There have been 1.4 million firearm deaths in America since 1968, compared to 1.2 million deaths in war in our entire history. There are 30,000 deaths each year from gun violence. This horror is made possible by easy accessibility to guns. And that is made possible by the power of the gun lobby in Washington. Our country is being devastated by the needless deaths of the innocent. All in the name of profit. That must change.
Guns are devastating our communities:
- “For decades, the most dangerous piece of machinery was an automobile. But now, it’s a gun.”
- On December 14, 2012, 20 children died at the hands of a lone, young gunman. He had obtained the guns from his mother, whom he murdered. She obviously believed those guns made her safe. The laws made it easy for him to obtain and kill many people.
- …while some 2,000 U.S. troops have been killed in Afghanistan since 2001, more than 5,000 people have been killed by gun fire in Chicago during that time, based on Department of Defense and FBI data. (source)
- If the president does nothing, Mr Bloomberg notes that some 48,000 Americans will be murdered by guns during his second term—several times more Americans than died on September 11th 2001 and in Afghanistan and Iraq combined. (source)
- “Since the December 2012 shooting in Newtown, CT, there have been at least 126 school shootings in America — an average of nearly one a week. How many more before our leaders pass common-sense laws to prevent gun violence and save lives?” (as of June 2015)
Guns are too easy to obtain:
- Around 40% of all legal gun sales involve private sellers and don’t require background checks. 40% of prison inmates who used guns in their crimes got them this way. (source)
- An investigation found 62% of online gun sellers were willing to sell to buyers who said they couldn’t pass a background check. (source)
- 20% of licensed California gun dealers agreed to sell handguns to researchers posing as illegal “straw” buyers. (source)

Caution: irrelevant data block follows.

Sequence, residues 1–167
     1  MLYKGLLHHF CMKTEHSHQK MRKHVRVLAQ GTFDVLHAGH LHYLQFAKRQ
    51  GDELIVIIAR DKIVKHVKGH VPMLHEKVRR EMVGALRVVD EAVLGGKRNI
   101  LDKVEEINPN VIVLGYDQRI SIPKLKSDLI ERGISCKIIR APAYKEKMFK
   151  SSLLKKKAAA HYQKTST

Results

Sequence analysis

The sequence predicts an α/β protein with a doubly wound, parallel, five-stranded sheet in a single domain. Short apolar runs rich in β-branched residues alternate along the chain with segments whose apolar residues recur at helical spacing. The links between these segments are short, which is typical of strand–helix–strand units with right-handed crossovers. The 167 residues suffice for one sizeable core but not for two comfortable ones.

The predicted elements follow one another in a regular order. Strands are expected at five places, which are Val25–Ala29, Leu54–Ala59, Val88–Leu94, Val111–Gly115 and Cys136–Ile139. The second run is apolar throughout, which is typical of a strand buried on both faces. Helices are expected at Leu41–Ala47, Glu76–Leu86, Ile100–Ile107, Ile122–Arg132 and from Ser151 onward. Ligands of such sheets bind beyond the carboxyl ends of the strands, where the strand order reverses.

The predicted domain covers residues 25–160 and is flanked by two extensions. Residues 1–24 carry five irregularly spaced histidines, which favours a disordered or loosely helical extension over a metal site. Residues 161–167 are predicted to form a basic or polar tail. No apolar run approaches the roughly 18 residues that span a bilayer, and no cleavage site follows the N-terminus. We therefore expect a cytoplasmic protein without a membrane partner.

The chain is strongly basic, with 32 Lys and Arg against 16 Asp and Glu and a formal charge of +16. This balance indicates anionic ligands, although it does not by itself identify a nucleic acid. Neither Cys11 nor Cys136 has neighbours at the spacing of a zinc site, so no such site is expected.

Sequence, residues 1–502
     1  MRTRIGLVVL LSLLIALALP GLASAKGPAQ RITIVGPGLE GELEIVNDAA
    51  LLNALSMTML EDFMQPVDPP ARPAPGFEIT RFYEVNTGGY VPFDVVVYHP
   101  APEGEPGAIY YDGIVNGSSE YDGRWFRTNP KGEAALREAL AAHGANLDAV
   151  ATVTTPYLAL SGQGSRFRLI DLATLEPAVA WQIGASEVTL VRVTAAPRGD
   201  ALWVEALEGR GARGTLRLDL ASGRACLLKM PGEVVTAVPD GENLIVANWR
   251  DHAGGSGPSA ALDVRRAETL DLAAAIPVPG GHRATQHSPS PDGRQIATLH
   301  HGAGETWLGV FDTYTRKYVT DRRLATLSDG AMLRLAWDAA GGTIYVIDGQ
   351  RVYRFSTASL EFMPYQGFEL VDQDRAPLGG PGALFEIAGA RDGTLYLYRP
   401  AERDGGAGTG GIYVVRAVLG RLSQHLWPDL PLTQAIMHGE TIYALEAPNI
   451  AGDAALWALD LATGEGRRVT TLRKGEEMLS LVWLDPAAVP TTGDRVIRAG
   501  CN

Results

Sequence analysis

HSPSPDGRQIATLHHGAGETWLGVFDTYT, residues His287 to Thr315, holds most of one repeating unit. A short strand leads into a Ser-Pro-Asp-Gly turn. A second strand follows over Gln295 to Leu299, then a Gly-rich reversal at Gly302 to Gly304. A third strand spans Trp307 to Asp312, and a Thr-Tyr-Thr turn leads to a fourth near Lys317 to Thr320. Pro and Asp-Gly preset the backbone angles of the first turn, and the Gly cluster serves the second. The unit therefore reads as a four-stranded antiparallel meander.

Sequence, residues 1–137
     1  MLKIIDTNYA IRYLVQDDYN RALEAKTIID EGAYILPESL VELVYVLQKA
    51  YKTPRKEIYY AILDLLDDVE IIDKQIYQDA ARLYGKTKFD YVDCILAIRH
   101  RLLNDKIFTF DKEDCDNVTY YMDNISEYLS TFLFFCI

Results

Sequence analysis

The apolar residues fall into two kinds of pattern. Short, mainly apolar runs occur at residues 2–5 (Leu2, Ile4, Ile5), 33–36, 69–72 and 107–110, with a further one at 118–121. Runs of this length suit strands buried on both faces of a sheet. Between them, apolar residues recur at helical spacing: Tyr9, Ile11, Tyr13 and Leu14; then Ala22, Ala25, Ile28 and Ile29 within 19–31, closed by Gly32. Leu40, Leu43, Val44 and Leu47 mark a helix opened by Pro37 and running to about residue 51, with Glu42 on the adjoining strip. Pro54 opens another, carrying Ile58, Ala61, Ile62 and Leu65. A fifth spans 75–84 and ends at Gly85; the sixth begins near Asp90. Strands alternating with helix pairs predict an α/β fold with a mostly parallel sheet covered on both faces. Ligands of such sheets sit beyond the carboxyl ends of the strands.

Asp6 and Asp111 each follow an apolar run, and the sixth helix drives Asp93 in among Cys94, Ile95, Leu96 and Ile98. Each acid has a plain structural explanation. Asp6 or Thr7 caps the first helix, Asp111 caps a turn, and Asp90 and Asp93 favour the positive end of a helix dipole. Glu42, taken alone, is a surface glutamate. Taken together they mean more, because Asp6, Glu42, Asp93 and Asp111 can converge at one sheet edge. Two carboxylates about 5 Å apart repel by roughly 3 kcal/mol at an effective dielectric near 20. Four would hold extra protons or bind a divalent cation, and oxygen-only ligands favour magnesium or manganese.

- The NRA prevents sensible gun legislation by dictating to the Congress and White House what laws it passes:
- Former Pennsylvania Gov. Ed Rendell decried federal lawmakers for failing to pass a permanent ban on assault weapons, such as the one used in Friday’s deadly Colorado movie theater shooting.
- Rendell said it was an “act of cowardice by the Congress” not to renew the ban, which expired in 2004, and blamed lawmakers for being too “terrified” of the National Rife Association, which has lobbied against the ban, to actually do it. (source)
Public Supports Gun Control
- “According to the new poll, 49 percent of Americans want gun laws made more strict, while 27 percent want no change and 18 percent want them to be less strict.”(May 2014)
- “92 percent of Democrats, 74 percent of independents and 72 percent of Republicans support tightening background check laws. Support for states taking guns owned by mentally ill people wasn’t quite as unanimous, but was supported 76 percent to 10 percent among Democrats, and 46 percent to 25 percent among independents. Republicans were about evenly divided, with 40 percent in favor and 38 percent opposed.”
Parents of Victims Speak out
- Father of murdered reporter, Alison Parker:
- “That’s what the [National Rifle Association] is thinking right now,” Parker said. “The NRA is saying, it will go away. And, you know, they are the most
powerful lobby in the country. And someone has got … to take them on. By God, I am going to do it.”
- “The father of one of the California shooting victimseviscerated politicians for not enacting stricter gun laws in the wake of the Sandy Hook shooting.”
- ‘“Where the hell are these people we elect to congress that we spend so much money on? These people are getting rich sitting in Congress, and what do they do? They don’t take care of our kids. My kid died because nobody responded to what happened at Sandy Hook.”’ (Source)
We need a Ban on Assault Weapons and large capacity gun clips:
- It worked before. From 1994 to 2004 we had a ban on assault weapons. And during that period the homicide rate declined where previously it had risen.
Guns do not make us more safe:
- “Having guns in the home triples the risk of suicide and doubles the risk of homicide, researchers reported on Monday.” (source, 1-20-14)
- “7,391 American kids and teens under age 20 were hospitalized from firearm injuries in 2009, according to a Yale School of Medicine study. That means, on average, a child or teen is shot almost every hour.” (source)
- “For every time a gun is used in self-defense in the home, there are 7 assaults or murders, 11 suicide attempts, and 4 accidents involving guns in or around a
- In 2011, nearly 10 times more people were shot and killed in arguments than by civilians trying to stop a crime.